Our message board members have been counting down Baltimore football’s best players to wear each of the numbers from 99 through 1.
In this edition, we’ll count down numbers 79-70. ~Tyler Lombardi
We’ll let you decide this one.
#79 seems to be the biggest black hole we’ve hit yet. The most prominent Colt to wear it was a kicker. It really comes down to Larry Webster or Tony Pashos. Webster was a rotational guy who had some off-field issues. Pashos was a flash in the pan, but it was a big flash. He was a significant part of the reason that 2006 team went 13-3. He stabilized a position that had largely been a revolving door (in more ways than one.)
You could make a case for either, but I’d lean towards Pashos. ~HotInHere
Lou Michaels was much more than a kicker. Back in the day, “Kicker” was NOT a specialized position. He who could kick, kicked.
Michaels was a nasty, belligerent, effective DE for the Colts for a few years.
While not disparaging Webster’s contributions as a Raven rotational player, Michaels far outshone him in effectiveness and irreplaceability. ~jaydee414
No. 78 – DE Bubba Smith, Colts
Bubba Smith was on the team that lost SB3 and won SB5. He felt that the former was a fixed game but didn’t provide specifics. He never wore the ring from SB5 as it provided no relief to losing the former.
After football Bubba had a successful acting career. He did Miller Light commercials with Mike Ditka, appeared on TV series, but it mostly known as Mosses Hightower in the Police Academy series. Bubba left us too soon. He died at 66 with acute heart disease and drug intoxication. ~Bigfish
The Ravens have 2 fan favorites in Birk and Orlando Brown (aka Zeus). Birk played the majority of his 14 career as a Viking, but anchored the OL recently included the second Lombardi. Zeus was a giant mauling left tackle who played 6 years as a Raven. Either would be a nice choice if it was another number, but they are up against a player in Jim Parker if described in one word, legendary.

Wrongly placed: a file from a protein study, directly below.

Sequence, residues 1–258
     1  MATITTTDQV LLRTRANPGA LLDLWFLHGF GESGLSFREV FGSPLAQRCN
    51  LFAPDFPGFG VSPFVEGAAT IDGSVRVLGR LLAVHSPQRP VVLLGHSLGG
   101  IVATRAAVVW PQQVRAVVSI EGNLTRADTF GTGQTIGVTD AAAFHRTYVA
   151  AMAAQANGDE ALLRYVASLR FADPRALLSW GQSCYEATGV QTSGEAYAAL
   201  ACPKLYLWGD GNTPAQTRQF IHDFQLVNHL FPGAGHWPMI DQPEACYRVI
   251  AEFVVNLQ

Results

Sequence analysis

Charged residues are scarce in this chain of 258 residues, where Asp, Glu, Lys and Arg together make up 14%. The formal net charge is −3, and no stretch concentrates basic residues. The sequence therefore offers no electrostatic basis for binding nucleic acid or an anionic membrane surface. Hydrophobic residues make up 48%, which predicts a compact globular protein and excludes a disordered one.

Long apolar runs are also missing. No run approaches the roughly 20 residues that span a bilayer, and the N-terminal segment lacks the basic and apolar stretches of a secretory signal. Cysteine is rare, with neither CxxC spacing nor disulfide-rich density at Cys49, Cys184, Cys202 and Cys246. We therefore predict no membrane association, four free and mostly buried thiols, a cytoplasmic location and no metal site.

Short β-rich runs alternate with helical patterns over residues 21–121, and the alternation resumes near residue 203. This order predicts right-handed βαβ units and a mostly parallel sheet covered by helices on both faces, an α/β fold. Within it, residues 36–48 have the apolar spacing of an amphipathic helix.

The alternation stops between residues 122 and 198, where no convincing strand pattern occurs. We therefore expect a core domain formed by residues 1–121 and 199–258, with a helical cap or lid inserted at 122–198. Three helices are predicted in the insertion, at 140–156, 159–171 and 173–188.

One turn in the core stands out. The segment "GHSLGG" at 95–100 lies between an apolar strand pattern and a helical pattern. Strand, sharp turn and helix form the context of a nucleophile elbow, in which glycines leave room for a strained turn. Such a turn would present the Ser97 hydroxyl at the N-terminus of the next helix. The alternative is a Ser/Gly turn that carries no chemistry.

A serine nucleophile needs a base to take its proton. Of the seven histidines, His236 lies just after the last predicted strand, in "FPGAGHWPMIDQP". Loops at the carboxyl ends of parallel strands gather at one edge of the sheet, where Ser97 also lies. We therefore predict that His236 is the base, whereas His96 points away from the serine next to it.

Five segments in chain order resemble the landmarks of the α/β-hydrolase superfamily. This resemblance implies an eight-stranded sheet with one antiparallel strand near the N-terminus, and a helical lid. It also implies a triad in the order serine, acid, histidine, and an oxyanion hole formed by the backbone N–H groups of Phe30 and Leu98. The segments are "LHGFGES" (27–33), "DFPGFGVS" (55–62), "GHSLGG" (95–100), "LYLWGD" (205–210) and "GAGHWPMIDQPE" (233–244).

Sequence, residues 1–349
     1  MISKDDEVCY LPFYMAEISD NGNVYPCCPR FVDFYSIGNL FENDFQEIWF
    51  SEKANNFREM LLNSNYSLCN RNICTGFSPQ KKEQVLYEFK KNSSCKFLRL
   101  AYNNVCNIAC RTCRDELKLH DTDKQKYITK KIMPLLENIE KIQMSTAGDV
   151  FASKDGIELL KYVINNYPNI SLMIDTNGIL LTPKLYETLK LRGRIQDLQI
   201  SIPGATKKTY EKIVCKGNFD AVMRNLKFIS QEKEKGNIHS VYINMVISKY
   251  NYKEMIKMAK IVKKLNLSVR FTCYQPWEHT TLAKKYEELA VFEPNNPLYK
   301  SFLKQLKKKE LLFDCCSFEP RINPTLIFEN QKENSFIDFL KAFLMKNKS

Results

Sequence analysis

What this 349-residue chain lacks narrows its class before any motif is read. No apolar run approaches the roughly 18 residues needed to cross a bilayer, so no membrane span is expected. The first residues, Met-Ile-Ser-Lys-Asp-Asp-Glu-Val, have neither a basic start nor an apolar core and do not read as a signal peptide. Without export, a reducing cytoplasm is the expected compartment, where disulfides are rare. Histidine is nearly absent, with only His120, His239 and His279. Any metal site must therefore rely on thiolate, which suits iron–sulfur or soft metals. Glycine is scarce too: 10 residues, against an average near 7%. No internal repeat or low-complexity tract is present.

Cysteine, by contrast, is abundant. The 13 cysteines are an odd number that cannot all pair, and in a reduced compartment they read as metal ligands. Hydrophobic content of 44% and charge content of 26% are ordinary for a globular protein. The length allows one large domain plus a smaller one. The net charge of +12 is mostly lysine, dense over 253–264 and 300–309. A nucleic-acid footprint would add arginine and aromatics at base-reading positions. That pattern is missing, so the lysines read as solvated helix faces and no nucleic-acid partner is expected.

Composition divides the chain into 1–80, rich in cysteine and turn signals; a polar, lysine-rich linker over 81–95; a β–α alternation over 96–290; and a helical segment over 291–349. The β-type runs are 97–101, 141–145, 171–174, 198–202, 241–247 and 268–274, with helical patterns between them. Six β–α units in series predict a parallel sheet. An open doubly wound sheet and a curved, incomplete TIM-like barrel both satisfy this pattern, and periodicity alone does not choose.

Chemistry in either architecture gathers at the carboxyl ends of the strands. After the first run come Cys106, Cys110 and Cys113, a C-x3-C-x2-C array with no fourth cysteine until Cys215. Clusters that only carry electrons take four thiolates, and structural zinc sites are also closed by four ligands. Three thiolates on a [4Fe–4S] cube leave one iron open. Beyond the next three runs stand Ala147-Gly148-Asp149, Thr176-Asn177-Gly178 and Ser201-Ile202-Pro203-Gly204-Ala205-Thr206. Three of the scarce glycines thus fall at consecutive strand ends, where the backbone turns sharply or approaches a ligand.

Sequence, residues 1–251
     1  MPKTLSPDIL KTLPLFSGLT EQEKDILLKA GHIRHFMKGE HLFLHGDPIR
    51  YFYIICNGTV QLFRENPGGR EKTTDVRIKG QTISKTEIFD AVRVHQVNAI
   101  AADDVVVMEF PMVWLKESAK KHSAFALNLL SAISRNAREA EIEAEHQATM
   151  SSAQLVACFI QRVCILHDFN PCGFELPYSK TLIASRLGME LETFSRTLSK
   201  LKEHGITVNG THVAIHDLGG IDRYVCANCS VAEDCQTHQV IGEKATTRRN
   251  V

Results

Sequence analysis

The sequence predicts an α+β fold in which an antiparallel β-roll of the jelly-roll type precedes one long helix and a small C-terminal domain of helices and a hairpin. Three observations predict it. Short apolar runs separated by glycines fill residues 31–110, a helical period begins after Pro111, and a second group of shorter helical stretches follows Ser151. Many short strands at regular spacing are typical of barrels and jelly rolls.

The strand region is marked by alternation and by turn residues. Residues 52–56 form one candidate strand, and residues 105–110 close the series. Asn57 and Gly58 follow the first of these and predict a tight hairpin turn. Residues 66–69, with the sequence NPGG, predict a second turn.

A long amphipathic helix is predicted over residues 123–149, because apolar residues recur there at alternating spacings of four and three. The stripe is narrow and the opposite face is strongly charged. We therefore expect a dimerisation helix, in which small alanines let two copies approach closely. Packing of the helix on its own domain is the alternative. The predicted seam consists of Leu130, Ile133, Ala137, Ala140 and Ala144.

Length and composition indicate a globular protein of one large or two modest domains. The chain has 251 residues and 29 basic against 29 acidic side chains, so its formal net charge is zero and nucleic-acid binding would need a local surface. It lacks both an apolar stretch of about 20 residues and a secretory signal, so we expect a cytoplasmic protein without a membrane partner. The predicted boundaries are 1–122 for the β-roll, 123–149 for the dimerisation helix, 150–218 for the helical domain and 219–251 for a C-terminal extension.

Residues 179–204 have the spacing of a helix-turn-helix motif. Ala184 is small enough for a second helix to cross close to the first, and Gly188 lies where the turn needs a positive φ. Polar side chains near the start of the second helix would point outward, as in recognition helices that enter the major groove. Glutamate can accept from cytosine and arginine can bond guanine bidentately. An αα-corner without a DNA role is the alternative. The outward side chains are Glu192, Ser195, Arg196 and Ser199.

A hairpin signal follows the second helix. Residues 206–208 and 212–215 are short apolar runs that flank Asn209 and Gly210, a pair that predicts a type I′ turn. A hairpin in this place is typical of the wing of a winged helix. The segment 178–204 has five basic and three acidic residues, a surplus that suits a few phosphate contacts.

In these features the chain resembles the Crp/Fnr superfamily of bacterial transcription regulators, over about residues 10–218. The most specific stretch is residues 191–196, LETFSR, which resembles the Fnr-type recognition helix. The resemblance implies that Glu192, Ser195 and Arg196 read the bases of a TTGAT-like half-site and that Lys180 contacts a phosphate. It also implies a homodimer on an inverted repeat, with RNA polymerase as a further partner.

- 10 time All-Pro
- 8 time Pro-Bowler
- College football HOF
- Outland Award winner
- First offensive lineman who was a 1st ballot Hall of Fame inductee
- Number retired by Colts
- Top 100 player on every list. NFL films listed him as #32.
- Considered the best NFL player to ever wear #77 ~Bigfish
Joe Ehrmann was a staple of the mid-70s Colts that I grew up with. He played 8 solid seasons as a member of the Sack Pack. But what he has given to the youth of Baltimore since retiring (and continuing today) far outweighs anything he could have done on the field. Coach, preacher, philanthropist, mentor, and motivational speaker, Joe is literally saving lives. If we are giving Andy Nelson bonus points for his delicious barbeque, then we are making Joe Ehrmann our number 76. ~HotInHere
75 is Jonathan Ogden. One of the greatest left tackles to ever play the game. A man among boys. Too many Pro Bowls and All Pros to count. The first career Raven ever enshrined in Canton. And perhaps most importantly, J.O. set the tone for the organization. If you don’t believe me, imagine what would have happened had we drafted Lawrence Phillips instead.
On to #74. I have to confess I didn’t remember any Baltimore Colt 74’s off the top of my head that would be worthy. And I was terrified that I was going to have to list 74 as the only worthwhile Raven: Number 74, Michael Oher.